The beauty of Twitter is that you can find time-specific ideas (i.e. there’s a great band playing at this great bar TONIGHT) and be connected to the lifeblood of any destination.Q: A few months on from your article on Foursquare in the Guardian, what are your thoughts about the potential of Foursquare as a travel technology? Is it useful essentially as a crowdsourcing device, or are you discovering other uses?

A: Foursquare, primarily, is a lot of fun to use at home. Knowing where your friends have been and where they are is a very nice new frontier for social media. But on the road, the “tips” function really comes into its own. The idea of location-specific recommendations hovering in the air around you is one of the most important new standards in travel technology in years, and it is one of the strongest arguments for apps over traditional guidebooks. When you can have access to information about places within 100 feet of where you are standing, the notion of flicking through 500 pages to find a vaguely suitable tip written a year ago seems a little ridiculous. Foursquare aren’t the first to harness the power of location, but their implementation with the game element is a very neat way to do it.

Q: One pitfall in relying on user-generated content is that it is often difficult to evaluate anonymous evaluators. (Do they share your values, your interests, your standards?) Do you see Twitter as providing a way around this problem? That is, by choosing your followers are you essentially curating information in advance? Or, alternately do you not see this user-generated content pitfall as a problem?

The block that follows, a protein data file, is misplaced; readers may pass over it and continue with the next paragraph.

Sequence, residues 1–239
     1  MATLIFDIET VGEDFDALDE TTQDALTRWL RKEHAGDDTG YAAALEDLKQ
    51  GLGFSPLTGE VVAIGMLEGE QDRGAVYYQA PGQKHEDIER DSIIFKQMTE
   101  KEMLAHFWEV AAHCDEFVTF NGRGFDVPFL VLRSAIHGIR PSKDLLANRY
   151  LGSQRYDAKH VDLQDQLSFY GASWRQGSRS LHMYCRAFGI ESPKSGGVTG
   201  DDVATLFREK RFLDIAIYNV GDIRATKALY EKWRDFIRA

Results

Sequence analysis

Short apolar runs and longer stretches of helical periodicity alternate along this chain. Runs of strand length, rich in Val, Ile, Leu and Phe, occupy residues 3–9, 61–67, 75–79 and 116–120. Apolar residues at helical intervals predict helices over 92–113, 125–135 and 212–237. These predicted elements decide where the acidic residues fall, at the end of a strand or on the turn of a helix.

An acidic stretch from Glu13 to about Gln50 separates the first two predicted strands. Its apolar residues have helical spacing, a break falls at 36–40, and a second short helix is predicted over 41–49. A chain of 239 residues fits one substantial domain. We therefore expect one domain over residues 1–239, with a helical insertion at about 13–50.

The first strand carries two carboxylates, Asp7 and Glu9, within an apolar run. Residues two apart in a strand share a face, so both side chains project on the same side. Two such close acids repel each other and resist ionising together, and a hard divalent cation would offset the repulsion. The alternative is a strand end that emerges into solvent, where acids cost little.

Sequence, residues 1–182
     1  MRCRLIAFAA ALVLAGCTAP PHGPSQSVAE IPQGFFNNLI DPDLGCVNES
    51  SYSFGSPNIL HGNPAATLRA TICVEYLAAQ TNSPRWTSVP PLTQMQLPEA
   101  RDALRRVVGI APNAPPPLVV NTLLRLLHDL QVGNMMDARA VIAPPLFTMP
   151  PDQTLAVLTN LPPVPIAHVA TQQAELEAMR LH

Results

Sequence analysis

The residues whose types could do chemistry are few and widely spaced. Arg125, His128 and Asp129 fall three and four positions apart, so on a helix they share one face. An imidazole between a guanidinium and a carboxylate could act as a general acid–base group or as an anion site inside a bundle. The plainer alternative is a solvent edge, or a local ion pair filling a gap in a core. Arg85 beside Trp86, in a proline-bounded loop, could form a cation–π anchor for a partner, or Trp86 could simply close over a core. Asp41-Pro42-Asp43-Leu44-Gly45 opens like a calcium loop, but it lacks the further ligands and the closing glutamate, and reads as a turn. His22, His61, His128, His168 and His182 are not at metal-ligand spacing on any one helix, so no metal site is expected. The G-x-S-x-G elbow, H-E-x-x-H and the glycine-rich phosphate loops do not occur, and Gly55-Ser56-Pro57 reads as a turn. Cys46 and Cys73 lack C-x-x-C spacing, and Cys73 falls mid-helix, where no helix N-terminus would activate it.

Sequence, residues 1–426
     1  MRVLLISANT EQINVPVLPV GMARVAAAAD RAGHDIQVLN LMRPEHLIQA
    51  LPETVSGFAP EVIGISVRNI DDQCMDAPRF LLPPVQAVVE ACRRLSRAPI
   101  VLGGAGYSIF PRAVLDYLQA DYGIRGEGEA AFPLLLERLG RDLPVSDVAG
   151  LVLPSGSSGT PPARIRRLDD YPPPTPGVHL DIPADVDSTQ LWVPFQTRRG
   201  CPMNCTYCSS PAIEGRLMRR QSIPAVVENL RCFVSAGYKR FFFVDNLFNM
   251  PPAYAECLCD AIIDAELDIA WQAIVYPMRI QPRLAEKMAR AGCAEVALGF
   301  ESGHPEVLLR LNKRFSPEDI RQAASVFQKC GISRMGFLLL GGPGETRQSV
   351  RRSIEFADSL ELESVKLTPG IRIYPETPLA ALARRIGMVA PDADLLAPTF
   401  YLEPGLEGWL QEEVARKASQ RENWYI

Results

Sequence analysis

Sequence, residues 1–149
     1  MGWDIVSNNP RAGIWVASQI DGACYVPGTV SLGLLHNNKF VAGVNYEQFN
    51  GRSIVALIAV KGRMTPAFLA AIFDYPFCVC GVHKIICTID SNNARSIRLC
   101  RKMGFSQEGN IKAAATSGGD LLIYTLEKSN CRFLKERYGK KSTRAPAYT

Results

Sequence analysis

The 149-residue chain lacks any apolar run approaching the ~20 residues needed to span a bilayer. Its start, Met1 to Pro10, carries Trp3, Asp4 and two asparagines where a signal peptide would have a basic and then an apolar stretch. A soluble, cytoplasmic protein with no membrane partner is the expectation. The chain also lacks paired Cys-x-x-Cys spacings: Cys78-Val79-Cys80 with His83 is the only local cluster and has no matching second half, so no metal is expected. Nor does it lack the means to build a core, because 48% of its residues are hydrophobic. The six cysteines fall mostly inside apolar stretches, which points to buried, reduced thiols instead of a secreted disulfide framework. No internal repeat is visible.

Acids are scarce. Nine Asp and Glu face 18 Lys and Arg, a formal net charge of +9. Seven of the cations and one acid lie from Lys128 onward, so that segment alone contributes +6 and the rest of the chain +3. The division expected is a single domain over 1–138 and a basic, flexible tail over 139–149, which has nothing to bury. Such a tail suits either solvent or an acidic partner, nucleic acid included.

A: Increasingly, I find UGC a little too noisy. Tripadvisor is a good example of this. The service has gone so far beyond a critical mass that there’s now JUST TOO MUCH INFORMATION on it. And yes, you’re right, it’s very difficult to ascertain the validity of UGC, as you usually have no idea whether or not the person reviewing is anything like you or shares your tastes. I don’t really see Twitter as a form of UGC, as there is a lot more face involved. You can usually read about the people who are Tweeting at you, see the type of people they follow, read their tweets etc. You get to know certain people who share your tastes.

Q: Where, if anywhere, do you see social media failing against more traditional media in generating especially useful information for budget travelers?

A: The main problem is the noise. While guidebooks are inherently limited, they are also beautifully confined. For a lot of people, a couple of hundred pages of information is more than enough. The Internet, meanwhile, is seemingly infinite. It’s difficult to know how far you should research into the provincial nooks of the web before you’ve gone too far and have too much information. There is also an issue over trust capital. Guidebooks might be old-fashioned but they are also a relatively safe bet, as they come with a reputation to uphold. That said, I think you are more likely to get crappy advice from a guidebook than from an individual through social media, as there is a lot less accountability with guidebooks.

Q: Do you have you eye on any newish apps or sites for their potential as budget travel tools?

A: I really like the look of the new batch of Time Out city guides, especially considering that they are built to be used offline, using only a GPS signal rather than relying on data roaming. Much cheaper that way. Yelp, Urbanspoon, and some of the augmented reality apps (Wikitude, Layar, etc.) are pretty fun too, although the power of AR is yet to be fully utilised. I’m very excited about developments in 4G (superfast mobile internet) and the apps that will be built around it, but this is a little way off yet.